With its mysterious Inca ruins, quaint villages, beautiful sunsets and colorful Quechua culture, Peru makes for a fascinating and romantic honeymoon. The following list covers the best places to visit in Peru after you say “I do.”
The Inca Trail gets most of the publicity, but there are also several hikes within the Machu Picchu complex itself, offering more fabulous mountain scenery and some unique perspectives on the ruins. These hikes, ranging from one to three hours in length, can be great ways of escaping the crowds and adding some color to your time in Machu Picchu.
Before the Incas, a long line of indigenous civilizations thrived in Peru—and today, visitors can see what they left behind, from mysterious geoglyphs in the desert to fortress-like ruins in the cloud forest to a massive adobe pyramid in one of Lima's hippest neighborhoods. Discover the remains of Peru's ancient cultures with these suggestions.
When to visit Peru
Despite being one of the rainiest months in the Sacred Valley, January is a great time of year to visit Peru, with day hikes to a variety of ruins, fewer trekkers on the Inca Trail, unique urban festivals, and dry, sunny weather along the country's endless Pacific coast where surfing is a growing sport. Find out what to do and where to go in this monthly guide.
Though February tends to be the rainiest month in the Sacred Valley (the Inca Trail is completely closed), there's a slew of lively highland festivals, alternative treks, and fun beach vibes along the country's extensive Pacific coast. Find out what to do and where to go in this monthly guide.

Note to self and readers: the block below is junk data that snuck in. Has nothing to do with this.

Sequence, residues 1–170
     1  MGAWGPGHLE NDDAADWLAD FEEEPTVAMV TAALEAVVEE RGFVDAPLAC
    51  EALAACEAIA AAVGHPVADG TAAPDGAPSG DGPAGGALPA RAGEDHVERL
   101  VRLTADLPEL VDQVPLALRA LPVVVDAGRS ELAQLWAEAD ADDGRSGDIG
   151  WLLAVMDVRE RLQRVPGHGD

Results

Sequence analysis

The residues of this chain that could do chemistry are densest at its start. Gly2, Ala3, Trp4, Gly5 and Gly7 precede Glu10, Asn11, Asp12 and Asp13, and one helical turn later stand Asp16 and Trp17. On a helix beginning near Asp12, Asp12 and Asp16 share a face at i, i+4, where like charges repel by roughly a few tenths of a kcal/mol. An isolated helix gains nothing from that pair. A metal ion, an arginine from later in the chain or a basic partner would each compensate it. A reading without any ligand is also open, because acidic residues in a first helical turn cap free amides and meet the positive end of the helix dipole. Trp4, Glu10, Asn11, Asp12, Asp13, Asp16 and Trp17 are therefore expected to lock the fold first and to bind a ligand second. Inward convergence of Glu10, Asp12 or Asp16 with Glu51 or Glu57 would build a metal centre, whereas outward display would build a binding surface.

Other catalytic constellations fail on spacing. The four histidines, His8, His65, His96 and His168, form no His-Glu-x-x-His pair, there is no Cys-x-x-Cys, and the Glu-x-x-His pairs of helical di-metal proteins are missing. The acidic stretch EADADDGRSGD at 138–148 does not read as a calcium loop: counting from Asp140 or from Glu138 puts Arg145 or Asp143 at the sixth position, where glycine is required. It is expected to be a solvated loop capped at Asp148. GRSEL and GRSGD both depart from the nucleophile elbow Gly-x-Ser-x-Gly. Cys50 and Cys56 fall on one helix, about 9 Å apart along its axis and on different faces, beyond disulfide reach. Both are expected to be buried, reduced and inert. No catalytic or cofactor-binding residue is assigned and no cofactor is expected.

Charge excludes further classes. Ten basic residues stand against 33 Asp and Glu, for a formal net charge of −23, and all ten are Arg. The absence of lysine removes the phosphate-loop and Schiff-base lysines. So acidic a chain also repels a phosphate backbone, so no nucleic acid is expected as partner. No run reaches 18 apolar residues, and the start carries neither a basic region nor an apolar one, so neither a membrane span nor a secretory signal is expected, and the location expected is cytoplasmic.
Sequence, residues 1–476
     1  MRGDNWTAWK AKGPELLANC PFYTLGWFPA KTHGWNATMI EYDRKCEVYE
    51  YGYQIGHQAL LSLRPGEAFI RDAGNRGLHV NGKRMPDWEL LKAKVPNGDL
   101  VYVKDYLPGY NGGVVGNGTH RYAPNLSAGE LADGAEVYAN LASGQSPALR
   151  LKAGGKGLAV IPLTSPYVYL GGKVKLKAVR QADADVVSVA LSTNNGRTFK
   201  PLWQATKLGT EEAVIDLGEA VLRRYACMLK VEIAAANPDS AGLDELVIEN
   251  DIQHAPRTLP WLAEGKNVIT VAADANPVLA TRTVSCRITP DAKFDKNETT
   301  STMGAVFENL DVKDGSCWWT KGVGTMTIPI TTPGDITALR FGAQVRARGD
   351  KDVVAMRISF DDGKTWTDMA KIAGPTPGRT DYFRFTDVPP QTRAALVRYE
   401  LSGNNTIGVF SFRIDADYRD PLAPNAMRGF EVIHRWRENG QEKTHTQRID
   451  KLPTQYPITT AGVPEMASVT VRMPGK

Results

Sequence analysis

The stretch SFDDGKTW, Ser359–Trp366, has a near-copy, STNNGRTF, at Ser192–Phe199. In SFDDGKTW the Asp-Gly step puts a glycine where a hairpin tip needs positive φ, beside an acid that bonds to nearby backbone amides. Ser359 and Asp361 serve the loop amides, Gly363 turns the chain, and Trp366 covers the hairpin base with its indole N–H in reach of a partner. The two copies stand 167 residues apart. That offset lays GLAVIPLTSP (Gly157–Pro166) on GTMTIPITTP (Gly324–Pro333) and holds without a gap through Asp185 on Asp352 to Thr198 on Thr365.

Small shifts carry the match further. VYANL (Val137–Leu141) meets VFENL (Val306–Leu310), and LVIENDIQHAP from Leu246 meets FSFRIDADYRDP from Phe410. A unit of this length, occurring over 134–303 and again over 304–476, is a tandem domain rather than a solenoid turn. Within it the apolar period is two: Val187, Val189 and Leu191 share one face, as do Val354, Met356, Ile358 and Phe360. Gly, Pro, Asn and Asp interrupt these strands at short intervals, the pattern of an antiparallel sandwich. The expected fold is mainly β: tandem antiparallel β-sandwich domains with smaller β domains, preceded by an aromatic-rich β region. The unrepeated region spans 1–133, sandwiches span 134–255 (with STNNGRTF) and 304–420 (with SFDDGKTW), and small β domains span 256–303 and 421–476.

March is a solid time to visit Peru as the rains start to diminish in the Sacred Valley. The Inca Trail reopens and there are plenty of peaceful treks to choose from before the high season begins. You'll also have dry, sunny weather along the Pacific coast with lowered rates and great swimming and surfing conditions. Find out what to do and where to go in this monthly guide.
April is a great time to visit Peru when rain levels dip significantly in the Sacred Valley. There are few crowds before the high season begins (with the exception of Holy Week). You'll also have sunny weather and lower rates along the 1,500 miles of Pacific coast. Find out what to do and where to go in this monthly guide.
In May, the rains come to an end in the Sacred Valley, making this a great time to visit Peru. Take advantage of the especially verdant scenery, light crowds, and numerous festivals before the high season kicks in. Find out what to do and where to go in this monthly guide.
June is an excellent time to visit Peru's interior. This month marks the start of the driest season of the year—the most ideal time to trek, especially if you're planning to visit Machu Picchu and the Cusco region. Find out what to do, where to go and how to skip the crowds in this monthly guide.
July sees the continuation of high-season tourism with warm, sunny days and chilly, crisp evenings. This time of year offers some of the best weather nationwide and lends itself to enjoying all the attractions Peru has to offer, from admiring Machu Picchu to adventures in Northern Peru or the less-rainy Amazon region. Beat the crowds and make the most of your July trip with this guide.
August is the busiest month of the year in the Sacred Valley. With warm, sunny days and crisp evenings, the ideal weather lends itself to enjoying all the attractions Peru has to offer, from admiring Machu Picchu to adventure sports in lesser-known areas of the country.